4.1 Introduction

This section considers why people value carved stones (singly and as collections) and why they are relevant to society. Values are ‘qualities and characteristics seen in things, in particular the positive characteristics (actual and potential)’ (Mason 2002, 7; Section 4.2). These values are not intrinsic to the subject but are socially constructed and contingent. The values that we attribute to things also change with time as understanding and other circumstances change. We therefore need to understand the different ways in which carved stones are valued. We also need to be able to reflect critically on how we have acquired this understanding, and be aware of its implications. Section 4.3 will introduce the strengths and weaknesses of research on different categories of values in relation to carved stones, leading to research recommendations in Section 4.4.

Understanding the value of carved stones is critical because international heritage and conservation practice promotes a values-based approach to heritage management. A values-based approach involves a process whereby decisions—whether addressing conservation needs, developing interpretation plans or managing change for other reasons, such as development—are first informed by an understanding of cultural significance. Understanding significance releases potential, and is independent of institutional domains and boundaries: it is a ‘powerful persuader’ and a way of eliciting the passion and expertise of curators and others, and of sharing this (Russell and Winkworth 2009, 2–3). It provides the means to ensure that future actions enhance, exploit or, at the very least, do not impact adversely on what is deemed significant—of good practice. Cultural significance is the sum of values, and these need to be researched (De La Torre 2002; 2005). There are useful reviews of the development of the application of values in heritage contexts in, for example, Emerick and Jones and Leech 2015. Yet, what do we actually know about such values and their application in the context of carved stones? Have we taken into account the cyclical relationship between the creation of knowledge (Section 3) and our academic and scientific values? A related issue is access to data and to knowledge, and how this feeds into the values that people ascribe to things.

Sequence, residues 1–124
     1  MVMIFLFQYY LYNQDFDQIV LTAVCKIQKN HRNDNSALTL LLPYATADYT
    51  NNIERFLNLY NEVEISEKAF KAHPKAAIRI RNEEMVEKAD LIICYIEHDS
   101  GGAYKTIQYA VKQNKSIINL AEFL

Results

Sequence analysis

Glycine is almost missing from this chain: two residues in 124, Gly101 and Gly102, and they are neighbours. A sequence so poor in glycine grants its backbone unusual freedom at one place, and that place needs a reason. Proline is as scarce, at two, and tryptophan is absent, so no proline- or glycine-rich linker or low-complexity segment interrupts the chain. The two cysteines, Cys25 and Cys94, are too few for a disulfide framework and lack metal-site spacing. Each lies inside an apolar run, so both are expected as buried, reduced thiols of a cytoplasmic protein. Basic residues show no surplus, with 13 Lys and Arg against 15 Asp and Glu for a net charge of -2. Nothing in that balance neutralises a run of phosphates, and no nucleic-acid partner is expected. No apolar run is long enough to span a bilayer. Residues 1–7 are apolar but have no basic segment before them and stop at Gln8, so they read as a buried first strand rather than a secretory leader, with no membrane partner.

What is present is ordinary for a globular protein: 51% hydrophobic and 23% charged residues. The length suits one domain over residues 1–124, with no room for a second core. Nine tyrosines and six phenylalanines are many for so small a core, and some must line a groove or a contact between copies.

An understanding of values in relation to carved stones will also provide a framework and means to progress the aims and intended outcomes of government and sector strategies. Our Place in Time (OPIT) refers to the need ‘to ensure that the cultural, social, environmental and economic value of our heritage continues to make a major contribution to the nation’s wellbeing’ (Scottish Government 2014, 7). In terms of SG National Outcomes, a better understanding of carved stones can particularly contribute to two SG National Outcomes: ‘We value and enjoy our built and natural environment and protect it and enhance it for future generations’ and ‘We take pride in a strong, fair and inclusive national identity’ (Scottish Government 2014).



“Understanding the value of carved stones is critical because international heritage and conservation practice promotes a values-based approach to heritage management”

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